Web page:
Life & Letters

Correspondence

About this Item

Title: Walt Whitman to Melville Philips, 21 May 1891

Date: May 21, 1891

Whitman Archive ID: loc.08048

Source: The Charles E. Feinberg Collection of the Papers of Walt Whitman, 1839–1919, Library of Congress, Washington, D.C. The transcription presented here is derived from Walt Whitman, The Correspondence, ed. Edwin Haviland Miller (New York: New York University Press, 1961–1977), 5:201. For a description of the editorial rationale behind our treatment of the correspondence, see our statement of editorial policy.

Contributors to digital file: Cristin Noonan, Andrew David King, Breanna Himschoot, and Stephanie Blalock




[5.21(?).1891]

Dear M P—

This is the best I can do for y'r request—The pieces have not hitherto been publish'd at all but are to be finally included in the little vol:1 to come out (such "out" as it may be, probably small one) in ab't three weeks or longer—If Mr R[obinson]2 can publish them before it will do, & the proprieties conform'd to—The price is $103

New Poetry. By Walt Whitman


Correspondent:
Melville Phillips was an editor at Munyon's Illustrated World and visited Whitman in Camden to request that Whitman contribute work to the journal. He also reviewed November Boughs in the Philadelphia Press, where he served as literary editor, in 1888.

Notes:

1. Whitman's book Good-Bye My Fancy (1891) was his last miscellany, and it included both poetry and short prose works commenting on poetry, aging, and death, among other topics. Thirty-one poems from the book were later printed as "Good-Bye my Fancy 2d Annex" to Leaves of Grass (1891–1892), the last edition of Leaves of Grass published before Whitman's death in March 1892. For more information see, Donald Barlow Stauffer, "'Good-Bye my Fancy' (Second Annex) (1891)," Walt Whitman: An Encyclopedia, ed. J.R. LeMaster and Donald D. Kummings (New York: Garland Publishing, 1998). [back]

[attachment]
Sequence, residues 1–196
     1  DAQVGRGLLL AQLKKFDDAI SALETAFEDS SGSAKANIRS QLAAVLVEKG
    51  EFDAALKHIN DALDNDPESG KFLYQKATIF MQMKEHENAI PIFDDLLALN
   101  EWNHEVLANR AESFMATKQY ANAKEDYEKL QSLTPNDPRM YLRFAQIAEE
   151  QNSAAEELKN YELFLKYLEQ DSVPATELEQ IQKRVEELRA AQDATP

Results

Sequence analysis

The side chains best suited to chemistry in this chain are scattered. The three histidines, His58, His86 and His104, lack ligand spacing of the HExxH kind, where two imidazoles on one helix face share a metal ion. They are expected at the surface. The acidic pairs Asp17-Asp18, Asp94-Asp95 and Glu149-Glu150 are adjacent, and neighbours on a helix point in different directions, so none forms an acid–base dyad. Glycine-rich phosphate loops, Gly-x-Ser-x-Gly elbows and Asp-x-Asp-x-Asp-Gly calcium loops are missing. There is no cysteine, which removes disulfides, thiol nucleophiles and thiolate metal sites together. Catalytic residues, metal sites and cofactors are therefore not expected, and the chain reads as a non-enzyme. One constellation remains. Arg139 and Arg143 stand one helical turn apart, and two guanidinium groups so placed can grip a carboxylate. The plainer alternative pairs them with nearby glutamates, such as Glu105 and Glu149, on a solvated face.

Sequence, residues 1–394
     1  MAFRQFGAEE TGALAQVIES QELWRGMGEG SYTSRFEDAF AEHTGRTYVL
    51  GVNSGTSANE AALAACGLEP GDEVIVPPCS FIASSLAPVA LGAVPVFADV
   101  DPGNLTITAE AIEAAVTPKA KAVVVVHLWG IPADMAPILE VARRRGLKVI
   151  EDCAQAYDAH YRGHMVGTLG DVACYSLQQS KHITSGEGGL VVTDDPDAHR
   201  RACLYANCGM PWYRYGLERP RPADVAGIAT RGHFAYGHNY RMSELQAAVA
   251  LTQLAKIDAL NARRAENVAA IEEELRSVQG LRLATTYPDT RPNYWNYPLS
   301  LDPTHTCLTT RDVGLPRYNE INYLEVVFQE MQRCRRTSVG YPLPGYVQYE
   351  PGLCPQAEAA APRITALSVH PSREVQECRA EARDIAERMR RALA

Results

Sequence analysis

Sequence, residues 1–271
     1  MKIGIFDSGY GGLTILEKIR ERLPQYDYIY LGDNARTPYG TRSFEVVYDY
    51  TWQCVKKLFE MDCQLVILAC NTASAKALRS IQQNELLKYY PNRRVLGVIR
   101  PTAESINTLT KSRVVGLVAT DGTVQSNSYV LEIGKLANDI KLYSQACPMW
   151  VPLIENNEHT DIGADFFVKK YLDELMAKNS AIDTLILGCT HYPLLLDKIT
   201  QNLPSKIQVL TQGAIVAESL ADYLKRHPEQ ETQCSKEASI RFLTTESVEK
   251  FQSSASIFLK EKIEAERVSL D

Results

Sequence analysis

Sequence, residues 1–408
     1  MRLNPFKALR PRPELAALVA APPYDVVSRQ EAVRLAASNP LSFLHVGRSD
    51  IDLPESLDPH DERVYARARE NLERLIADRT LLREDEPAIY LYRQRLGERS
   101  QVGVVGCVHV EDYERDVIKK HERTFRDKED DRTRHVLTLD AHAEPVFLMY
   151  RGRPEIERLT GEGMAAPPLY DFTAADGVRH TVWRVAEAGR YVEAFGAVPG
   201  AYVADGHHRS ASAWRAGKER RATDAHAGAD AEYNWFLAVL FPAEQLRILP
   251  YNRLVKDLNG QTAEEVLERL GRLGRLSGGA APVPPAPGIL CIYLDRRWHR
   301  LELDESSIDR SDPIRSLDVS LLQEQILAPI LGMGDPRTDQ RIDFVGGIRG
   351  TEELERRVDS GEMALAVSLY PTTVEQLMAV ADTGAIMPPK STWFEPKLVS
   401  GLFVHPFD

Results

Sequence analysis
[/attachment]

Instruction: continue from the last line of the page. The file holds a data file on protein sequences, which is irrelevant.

2. Nugent Robinson (1838–1904) was a journalist and editor from Dublin, Ireland. After graduating from Trinity College, he served an apprenticeship in London and worked as a correspondent for the Daily Chronicle during the Franco-German War. He moved to the United States in 1876, and he edited Frank Leslie's Illustrated Newspaper, Once a Week, and, later, Collier's Weekly. Robinson was apparently highly regarded among writers like Julian Hawthorne and James Whitcomb Riley, and he authored a number of books himself, including a farce and works on history. For more information, see "Nugent Robinson," Collier's 32.14 (January 9, 1904), 20. [back]

3. On May 19, 1891, Philips asked whether Whitman had received $10 from the Philadelphia Press for an unidentified poem, and requested "a $10 bit" for Nugent Robinson, of Once a Week. According to his Commonplace Book, Whitman furnished, "On, on the Same, Ye Jocund Twain!" and "Unseen Buds." Philips sent the money on May 21 (Whitman's Commonplace Book, Charles E. Feinberg Collection of the Papers of Walt Whitman, 1839–1919, Library of Congress, Washington, D.C.). See also Whitman's letter to the Editor of Once a Week of January 25, 1891[back]


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